Numerous other studies of peer victimization and adolescent suicide have made use of more selective or convenience samples and documented associations between victimization and suicidality. For example, direct and indirect (van der Wal, de Wit, & Hirasing, 2003), relational (Baldry & Winkel, 2003) and frequent/chronic or infrequent (Brunstein-Klomek, Marrocco, Kleinman et al., 2007; Coggan, Bennett, Hooper et al., 2003) victimization have all been related to suicidal ideation and/or suicide attempts among adolescents. Additionally, being a bully has been associated with increased suicidal ideation and attempts (Brunstein-Klomek, Marrocco, Kleinman et al., 2007; Kaltiala-Heino, Rimpelä, Marttunen et al., 1999; Rigby & Slee, 1999; Roland, 2002).

A considerable proportion of research on peer victimization deals specifically with lesbian, gay, and bisexual (LGB) youth (D’Augelli, Grossman, Salter et al., 2005; D’Augelli, Pilkington, & Hershbergcr, 2002; Hershberger & D’Augelli, 1995; Rotheram-Borus, Hunter, & Rosario, 1994). D’Augelli, Pilkington, & Hershberger et al. (2002) found that verbal and physical victimization based on sexual orientation correlated with suicidal ideation among LGB youth, and D’Augelli and colleagues (2005) found that increased sexual orientation-based verbal victimization, as well as psychological abuse from parents predicted suicide attempts described as “gay related.” The findings concerning LBG adolescents converge with those for adolescents in general.

Clinic- and Hospital-Based Studies

Only two studies of peer victimization and adolescent suicide have utilized clinical samples. In sample of 124 Irish youth admitted to the hospital after a suicide attempt, Davies and Cunningham (1999) found that 22% of the youths’ records contained information suggesting that bullying contributed to the suicide attempt. Prinstein and colleagues (2000) studied the peer functioning of 96 United States adolescents hospitalized due to concerns about suicidality. They reported that perceived peer rejection directly predicted suicidal ideation in a structural equation model, and that depression mediated the relationship between peer acceptance and suicidal thinking. These studies show the importance of peer victimization (both overt and relational) as predictors of suicidality, but also underscore the importance of other internal factors as mediators.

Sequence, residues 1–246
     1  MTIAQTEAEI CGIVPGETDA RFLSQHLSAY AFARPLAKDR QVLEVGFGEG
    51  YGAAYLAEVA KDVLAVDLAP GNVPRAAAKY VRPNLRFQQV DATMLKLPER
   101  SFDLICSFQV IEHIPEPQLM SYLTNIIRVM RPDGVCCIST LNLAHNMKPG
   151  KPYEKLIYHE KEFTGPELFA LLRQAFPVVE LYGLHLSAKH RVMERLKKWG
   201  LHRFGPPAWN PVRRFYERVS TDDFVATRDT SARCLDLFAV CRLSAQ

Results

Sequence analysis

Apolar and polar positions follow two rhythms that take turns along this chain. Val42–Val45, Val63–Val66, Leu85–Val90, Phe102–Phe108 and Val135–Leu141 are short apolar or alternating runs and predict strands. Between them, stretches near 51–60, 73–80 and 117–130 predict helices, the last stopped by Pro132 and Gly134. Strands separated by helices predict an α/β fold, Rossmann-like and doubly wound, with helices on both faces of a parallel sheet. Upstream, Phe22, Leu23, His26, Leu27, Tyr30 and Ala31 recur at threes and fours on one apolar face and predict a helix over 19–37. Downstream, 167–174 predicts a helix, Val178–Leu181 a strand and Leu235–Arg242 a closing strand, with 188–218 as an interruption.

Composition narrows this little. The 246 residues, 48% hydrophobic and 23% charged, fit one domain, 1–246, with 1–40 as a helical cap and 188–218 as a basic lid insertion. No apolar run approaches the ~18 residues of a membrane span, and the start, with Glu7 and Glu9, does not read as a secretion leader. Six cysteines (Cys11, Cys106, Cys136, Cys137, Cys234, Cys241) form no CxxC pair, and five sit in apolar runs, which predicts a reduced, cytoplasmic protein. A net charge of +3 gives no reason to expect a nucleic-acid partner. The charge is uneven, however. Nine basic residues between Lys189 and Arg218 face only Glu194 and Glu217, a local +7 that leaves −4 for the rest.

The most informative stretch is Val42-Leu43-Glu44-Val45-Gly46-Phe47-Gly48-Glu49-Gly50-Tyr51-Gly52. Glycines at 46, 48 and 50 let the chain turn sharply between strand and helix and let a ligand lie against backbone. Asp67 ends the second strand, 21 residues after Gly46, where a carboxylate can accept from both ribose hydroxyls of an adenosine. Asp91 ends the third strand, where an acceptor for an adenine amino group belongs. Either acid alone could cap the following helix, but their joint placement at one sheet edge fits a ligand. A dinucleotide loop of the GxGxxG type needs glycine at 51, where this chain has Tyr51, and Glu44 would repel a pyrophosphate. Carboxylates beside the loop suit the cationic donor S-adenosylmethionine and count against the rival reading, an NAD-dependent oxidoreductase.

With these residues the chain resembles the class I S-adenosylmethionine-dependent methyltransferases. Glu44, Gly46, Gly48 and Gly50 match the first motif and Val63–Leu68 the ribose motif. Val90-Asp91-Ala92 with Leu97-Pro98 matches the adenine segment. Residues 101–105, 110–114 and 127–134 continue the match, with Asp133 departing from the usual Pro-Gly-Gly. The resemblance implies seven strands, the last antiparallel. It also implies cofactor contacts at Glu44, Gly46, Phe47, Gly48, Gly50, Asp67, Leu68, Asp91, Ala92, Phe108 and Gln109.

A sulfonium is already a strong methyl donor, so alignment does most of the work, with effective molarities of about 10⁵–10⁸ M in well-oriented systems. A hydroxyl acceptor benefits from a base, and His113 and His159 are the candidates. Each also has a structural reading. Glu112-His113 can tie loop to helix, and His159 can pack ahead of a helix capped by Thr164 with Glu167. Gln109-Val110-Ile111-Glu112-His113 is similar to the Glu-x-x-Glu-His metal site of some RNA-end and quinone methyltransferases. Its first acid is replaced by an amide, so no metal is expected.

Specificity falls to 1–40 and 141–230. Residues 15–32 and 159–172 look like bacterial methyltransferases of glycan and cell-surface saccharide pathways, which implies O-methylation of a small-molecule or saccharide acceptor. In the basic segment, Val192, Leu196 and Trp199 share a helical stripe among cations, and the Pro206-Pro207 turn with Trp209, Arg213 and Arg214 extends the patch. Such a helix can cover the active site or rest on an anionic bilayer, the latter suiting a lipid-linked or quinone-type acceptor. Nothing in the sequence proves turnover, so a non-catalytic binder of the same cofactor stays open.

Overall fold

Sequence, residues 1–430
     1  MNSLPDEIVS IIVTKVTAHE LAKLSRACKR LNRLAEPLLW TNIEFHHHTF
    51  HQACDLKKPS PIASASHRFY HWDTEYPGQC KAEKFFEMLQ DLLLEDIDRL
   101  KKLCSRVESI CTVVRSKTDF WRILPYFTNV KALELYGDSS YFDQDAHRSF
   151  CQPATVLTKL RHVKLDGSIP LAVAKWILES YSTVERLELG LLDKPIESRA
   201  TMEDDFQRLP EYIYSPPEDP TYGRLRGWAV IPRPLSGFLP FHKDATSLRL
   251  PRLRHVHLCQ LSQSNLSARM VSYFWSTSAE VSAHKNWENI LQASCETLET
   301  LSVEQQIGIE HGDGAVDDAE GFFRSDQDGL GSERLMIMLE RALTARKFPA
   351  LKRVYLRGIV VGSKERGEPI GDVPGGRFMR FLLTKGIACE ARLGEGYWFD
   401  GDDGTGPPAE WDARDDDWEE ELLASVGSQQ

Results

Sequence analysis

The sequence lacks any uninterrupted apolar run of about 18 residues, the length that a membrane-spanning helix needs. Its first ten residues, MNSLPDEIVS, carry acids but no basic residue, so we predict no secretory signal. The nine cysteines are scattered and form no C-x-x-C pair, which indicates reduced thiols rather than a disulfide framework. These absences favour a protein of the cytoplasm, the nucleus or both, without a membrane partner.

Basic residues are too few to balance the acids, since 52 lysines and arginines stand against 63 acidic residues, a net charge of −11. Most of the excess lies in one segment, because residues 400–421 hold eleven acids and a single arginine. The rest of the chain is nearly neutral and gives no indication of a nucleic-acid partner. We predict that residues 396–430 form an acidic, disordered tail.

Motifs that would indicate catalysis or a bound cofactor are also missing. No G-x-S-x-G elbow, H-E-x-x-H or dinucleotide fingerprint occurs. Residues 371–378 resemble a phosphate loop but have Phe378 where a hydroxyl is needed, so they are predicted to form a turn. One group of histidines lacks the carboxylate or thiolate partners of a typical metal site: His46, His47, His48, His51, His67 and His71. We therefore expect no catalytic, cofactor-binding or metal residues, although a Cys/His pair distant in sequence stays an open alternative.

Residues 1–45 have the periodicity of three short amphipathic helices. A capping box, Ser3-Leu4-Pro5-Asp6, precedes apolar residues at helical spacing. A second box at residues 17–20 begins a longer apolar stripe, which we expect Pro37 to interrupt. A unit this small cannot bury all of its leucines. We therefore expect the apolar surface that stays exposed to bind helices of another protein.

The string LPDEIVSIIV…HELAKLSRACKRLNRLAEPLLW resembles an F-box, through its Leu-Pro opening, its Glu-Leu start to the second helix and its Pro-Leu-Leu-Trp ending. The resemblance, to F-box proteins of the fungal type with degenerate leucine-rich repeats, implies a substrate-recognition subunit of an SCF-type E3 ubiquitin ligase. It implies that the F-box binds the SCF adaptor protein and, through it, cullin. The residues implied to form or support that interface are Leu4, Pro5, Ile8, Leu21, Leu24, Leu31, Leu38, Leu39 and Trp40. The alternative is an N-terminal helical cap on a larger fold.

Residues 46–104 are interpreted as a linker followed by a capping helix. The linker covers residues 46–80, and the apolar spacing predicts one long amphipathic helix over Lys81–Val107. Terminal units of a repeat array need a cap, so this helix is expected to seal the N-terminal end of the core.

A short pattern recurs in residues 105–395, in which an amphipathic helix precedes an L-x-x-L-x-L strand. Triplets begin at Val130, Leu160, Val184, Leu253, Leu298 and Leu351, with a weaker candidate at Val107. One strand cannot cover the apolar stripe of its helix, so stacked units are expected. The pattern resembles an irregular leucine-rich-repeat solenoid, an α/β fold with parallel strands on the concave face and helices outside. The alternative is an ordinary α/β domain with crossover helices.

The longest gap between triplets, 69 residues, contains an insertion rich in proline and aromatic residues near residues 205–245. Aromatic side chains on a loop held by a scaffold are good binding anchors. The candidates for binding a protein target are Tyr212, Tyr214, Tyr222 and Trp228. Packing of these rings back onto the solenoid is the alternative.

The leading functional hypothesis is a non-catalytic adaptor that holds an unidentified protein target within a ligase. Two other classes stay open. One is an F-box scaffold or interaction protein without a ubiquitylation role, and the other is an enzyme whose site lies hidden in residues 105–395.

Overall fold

The empirical research provides support for several key theoretical constructs. This is most notable for the construct of social integration, discussed by Durkheim (1897), and its companion construct, sense of isolation, which is one of three factors that Joiner argues are characteristic of individuals at elevated risk for suicide (Joiner, 2006). Although much of the research reviewed can be interpreted as providing evidence for invalidating emotional environments, which Linehan argued would exacerbate challenges to the emotional regulation system (Linehan, 1993), and a feeling of burdensomeness (Joiner, 2006), these constructs have been less directly studied in relation to adolescent suicidality.

There is substantial evidence for the importance of social integration and social isolation to our understanding of adolescent suicidal behavior and suicide. In the large nationally representative ADD Health longitudinal study (Bearman & Moody, 2004), social isolation from peers and intransitive friendships were predictors of suicidal ideation for girls and a tightly networked school community was protective against suicide attempts for boys. Similarly, in a study framed by Durkheim’s theory, Haynie, South and Bose (2006) reported that girls who recently moved were 60% more likely than other girls to report a suicide attempt. They experienced higher levels of victimization, less school attachment, and more social isolation. To the extent that family cohesion is conceptualized as a form of social integration, other longitudinal community-based studies also provide support. For instance, McKeown, et al. (1998) reported a negative relationship between family cohesion and suicide attempts, Johnson, Cohen, Gould et al. (2002) reported that social isolation and lack of close friends were associated with subsequent suicide attempts, and O’Donnell, Stueve, Wardlaw et al. (2003) reported that adolescents who reported suicide attempts were more likely to report lack of family network availability.

The studies reviewed do not directly address feelings of burdensomeness and invalidating emotional environments. Nevertheless, it could be argued that a perception of low social support may reflect the absence of supportive validation when experiencing emotional pain and distress. Similarly, childhood sexual abuse and physical abuse are powerful indicators of invalidating emotional environments and may also relate to feelings of burdensomeness.